Citizen Action of Wisconsin - Affordable Healthcare for All Event

January 21, 2020

Good morning! My name is Amy Washburn, and I’m running for Congress from Wisconsin’s Sixth District. There are a few reasons why, most centering on healthcare, which I believe will be THE central issue in the 2020 elections, nationwide. I have experienced first-hand how broken our health care system is. This is my story.

In 1991, at 22, I spent a week in the hospital due to a massive hemorrhage from my uterus due to too much estrogen. I was put on the pill, to re-establish my cycle. I was told that I would likely never be able to get pregnant, but if I did, I wouldn’t be able to carry to term successfully. But when I begged them to just do a hysterectomy, they said no, on the grounds that "you might want to have children" - despite the literal impossibility. The overage of estrogen made me a cancer risk; for three years, they did follow-up testing, but then stopped.

Fast forward to 2012, when I landed in the hospital due to previously undiagnosed diabetes. I spent a week in the ICU while they struggled to fix my seriously messed-up blood chemistry.

From 2012-2018, I complained of fatigue, bordering on exhaustion. The doctors refused to run any tests. I was told it was “just stress.” After 2012, I had no periods, and it was assumed that I had gone through early menopause (but again, no tests were run).

In Dec 2016, I had routine tests to rule out rheumatic illnesses (which tend to run in my family), and was diagnosed with MGUS (a form of low-stage bone marrow cancer which doesn't require treatment, just monitoring). All of my symptoms were then chalked up to that.

In March 2018, I had a 30-pound benign tumor removed from my left thigh. In April, I noticed a painful swelling of my clitoris, but when I told one of the wound care nurses, it was blown off as "likely somehow related to the surgery, it'll pass." It didn't pass. It got worse. By the time I got in to see a gynecologist in June, it was excruciating. She took 1 look at it, and, thank God, recognized it as cancer. She took a biopsy. Three days later, I was in the oncologist's office.

Turned out, I had three tumors. One was essentially my entire uterus, the 2nd was floating in the space between my cervix and bladder, and the 3rd covered the exterior of my clitoris.

I had 7 months of chemotherapy, then surgery – a radical hysterectomy and a clitoral resection – then another two months of chemotherapy. And on September 3, 2019, I was officially declared a survivor of Stage Four metastatic endometrial adenocarcinoma. Also as of September, I was found clear of the MGUS, but I will need testing every six months for the rest of my life to make sure it doesn’t come back.



If they had just done the hysterectomy I asked them for at 22, the uterine cancer would never have been an issue. If they hadn't blown me off for six years when I complained of fatigue, the tumor might have been found earlier and not spread.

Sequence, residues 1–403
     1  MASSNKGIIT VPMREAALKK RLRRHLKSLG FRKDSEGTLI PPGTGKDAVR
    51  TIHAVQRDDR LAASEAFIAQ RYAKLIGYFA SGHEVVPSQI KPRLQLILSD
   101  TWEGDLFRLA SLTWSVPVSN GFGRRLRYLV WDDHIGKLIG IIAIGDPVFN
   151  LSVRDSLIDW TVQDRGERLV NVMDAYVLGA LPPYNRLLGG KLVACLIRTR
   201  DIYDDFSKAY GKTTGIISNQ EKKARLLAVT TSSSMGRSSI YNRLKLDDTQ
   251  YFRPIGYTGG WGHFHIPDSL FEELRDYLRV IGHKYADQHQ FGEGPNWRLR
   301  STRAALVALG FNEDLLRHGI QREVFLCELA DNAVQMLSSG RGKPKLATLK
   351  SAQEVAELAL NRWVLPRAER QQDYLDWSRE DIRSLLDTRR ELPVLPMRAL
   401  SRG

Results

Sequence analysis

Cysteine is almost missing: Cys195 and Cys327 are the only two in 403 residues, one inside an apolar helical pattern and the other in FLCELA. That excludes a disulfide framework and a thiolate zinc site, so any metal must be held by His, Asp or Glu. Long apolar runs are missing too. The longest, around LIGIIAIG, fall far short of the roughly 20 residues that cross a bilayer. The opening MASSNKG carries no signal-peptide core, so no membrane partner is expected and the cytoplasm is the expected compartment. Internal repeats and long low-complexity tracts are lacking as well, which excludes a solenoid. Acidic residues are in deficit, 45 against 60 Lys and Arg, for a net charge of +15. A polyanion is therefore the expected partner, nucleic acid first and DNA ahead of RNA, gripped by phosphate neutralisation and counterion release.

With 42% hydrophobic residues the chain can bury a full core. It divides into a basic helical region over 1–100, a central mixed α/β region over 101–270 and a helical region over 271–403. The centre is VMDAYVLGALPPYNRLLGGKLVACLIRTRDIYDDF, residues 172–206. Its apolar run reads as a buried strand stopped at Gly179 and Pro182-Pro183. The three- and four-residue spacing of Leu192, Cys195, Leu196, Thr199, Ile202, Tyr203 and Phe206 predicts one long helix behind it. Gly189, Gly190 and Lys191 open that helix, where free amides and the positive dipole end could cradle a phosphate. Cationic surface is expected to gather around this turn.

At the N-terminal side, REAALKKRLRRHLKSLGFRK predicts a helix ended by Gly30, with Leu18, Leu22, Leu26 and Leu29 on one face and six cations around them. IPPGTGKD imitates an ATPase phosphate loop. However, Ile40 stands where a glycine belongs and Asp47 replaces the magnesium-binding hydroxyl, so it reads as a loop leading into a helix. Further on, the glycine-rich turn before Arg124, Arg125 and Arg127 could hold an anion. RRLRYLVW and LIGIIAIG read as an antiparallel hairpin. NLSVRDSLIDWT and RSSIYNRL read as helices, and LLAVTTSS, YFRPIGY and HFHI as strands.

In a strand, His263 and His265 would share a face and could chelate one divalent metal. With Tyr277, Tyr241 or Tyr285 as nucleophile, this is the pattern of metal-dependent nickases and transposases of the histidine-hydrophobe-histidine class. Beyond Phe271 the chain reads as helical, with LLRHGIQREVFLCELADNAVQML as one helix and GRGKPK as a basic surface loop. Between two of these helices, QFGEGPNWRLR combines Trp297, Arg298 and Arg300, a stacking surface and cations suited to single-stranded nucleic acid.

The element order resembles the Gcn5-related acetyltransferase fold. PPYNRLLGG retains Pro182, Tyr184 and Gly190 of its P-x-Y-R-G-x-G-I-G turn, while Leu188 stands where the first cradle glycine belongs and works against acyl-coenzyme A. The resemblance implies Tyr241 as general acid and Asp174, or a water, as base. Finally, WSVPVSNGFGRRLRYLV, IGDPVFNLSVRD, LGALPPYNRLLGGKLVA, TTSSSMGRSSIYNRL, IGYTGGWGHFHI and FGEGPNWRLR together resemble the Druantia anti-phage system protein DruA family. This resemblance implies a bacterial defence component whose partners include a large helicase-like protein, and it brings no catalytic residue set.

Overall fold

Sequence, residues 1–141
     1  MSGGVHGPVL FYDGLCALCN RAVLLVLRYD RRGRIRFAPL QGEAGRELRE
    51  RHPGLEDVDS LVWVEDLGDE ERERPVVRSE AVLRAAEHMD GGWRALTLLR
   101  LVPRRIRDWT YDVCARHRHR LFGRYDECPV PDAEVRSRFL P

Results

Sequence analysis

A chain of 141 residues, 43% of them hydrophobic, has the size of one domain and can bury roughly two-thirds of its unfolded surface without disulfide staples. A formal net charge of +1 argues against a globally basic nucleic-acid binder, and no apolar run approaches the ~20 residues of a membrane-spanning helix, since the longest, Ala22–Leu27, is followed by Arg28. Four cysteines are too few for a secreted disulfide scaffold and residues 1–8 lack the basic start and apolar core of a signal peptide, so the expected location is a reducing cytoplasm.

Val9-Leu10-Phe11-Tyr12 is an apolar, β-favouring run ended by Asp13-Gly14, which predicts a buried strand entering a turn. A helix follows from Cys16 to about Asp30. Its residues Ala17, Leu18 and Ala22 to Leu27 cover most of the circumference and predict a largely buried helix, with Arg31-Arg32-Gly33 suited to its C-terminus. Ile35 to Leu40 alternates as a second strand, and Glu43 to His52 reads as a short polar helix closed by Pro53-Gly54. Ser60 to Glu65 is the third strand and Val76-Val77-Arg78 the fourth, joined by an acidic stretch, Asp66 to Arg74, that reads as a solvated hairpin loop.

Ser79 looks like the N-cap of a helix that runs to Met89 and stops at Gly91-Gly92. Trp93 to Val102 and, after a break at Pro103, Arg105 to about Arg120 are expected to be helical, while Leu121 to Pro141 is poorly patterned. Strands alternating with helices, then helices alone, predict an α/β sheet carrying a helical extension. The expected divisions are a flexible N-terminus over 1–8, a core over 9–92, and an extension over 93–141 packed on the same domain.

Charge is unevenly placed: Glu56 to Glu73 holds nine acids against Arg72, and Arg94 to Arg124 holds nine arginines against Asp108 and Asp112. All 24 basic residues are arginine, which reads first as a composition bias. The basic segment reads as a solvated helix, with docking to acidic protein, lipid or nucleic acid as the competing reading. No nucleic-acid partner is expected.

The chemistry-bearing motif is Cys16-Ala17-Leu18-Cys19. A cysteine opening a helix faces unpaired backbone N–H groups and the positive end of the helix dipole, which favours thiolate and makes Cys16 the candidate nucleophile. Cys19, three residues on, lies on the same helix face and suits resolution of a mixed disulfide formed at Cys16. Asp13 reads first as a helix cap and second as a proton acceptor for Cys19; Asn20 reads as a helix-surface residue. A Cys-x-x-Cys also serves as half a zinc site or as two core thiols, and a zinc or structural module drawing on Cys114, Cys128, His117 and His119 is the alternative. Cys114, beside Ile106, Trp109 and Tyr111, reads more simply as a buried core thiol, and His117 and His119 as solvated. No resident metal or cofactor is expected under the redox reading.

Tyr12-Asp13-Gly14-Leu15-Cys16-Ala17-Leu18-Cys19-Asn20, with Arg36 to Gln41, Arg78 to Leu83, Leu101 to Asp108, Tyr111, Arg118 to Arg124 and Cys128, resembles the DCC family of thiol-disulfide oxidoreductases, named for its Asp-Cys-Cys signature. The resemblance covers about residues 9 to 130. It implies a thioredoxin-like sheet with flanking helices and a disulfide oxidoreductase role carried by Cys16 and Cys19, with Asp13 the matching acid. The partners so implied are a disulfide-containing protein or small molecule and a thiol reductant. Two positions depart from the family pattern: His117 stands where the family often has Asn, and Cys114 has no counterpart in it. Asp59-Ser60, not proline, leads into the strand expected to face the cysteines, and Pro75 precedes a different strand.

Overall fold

At this time, I am 100% cancer-free, but I am still recovering from side effects of chemotherapy.

Now, I didn’t get to Stage Four overnight, but that was my initial diagnosis when it was first recognized that I actually had cancer. All of my doctors refused to run tests, for fear of being ranked lower by the insurance company. But I’m not upset with any one particular doctor; I’m upset with the system. Too many people with serious diseases, like cancer, fall through the cracks, because the insurance companies don’t want to have to pay to test and treat them.

My annual deductible for 2019 was $6,650, and due to chemotherapy, I met that on January 11th. Chemotherapy is expensive. Point being, if I had been diagnosed sooner, at a lower stage, my treatment might not have had to have been as expensive as it was. The cracks in the system are expanding, and we cannot let that continue.



The ACA was a good first step, but it didn’t go far enough. Too many people still lack coverage, and thus lack care. They make do. They don’t go to the doctor about “minor concerns,” like fatigue. And when those minor concerns turn out to be major problems, like cancer or diabetes, they end up in the ER, and they get financially wiped out. Or, they declare bankruptcy, and ruin their credit, and the taxpayers end up footing the bill after the hospital writes off the loss. I’m glad that the government at least gives us the option of bankruptcy with medical bills (unlike student loans), but frankly, sick people shouldn’t need it.

At the very least, basic preventive care should be covered for everyone. We are the only first-world country that doesn’t have that. Why don’t we have universal healthcare? Well, insurance companies and the medical lobby and “big pharma” all contribute to the problem. And politicians in their pocket tell us that “socialized medicine” is evil. Well, I say that evil is letting people with minor problems get worse. I say that evil is causing people who develop major problems to go broke. I say that evil is letting people die.

I want to be part of the solution, not the problem. So I won’t take their money. My campaign won’t accept donations from the medical or pharmaceutical or insurance lobbies. I will gladly take donations, advice, and suggestions from individual medical professionals who agree that the system is broken. And I have spoken with many who do.

Our healthcare system costs too much and is too dependent on private insurance. Every other first world country has universal healthcare. And they all pay less than we do. We can fix it, and we should fix it, and we must fix it. Send me to Congress, and I will do my best to help fix it.

My name is Amy Washburn. I’m running for Congress from Wisconsin’s Sixth District, and I hope to have your support. Thank you.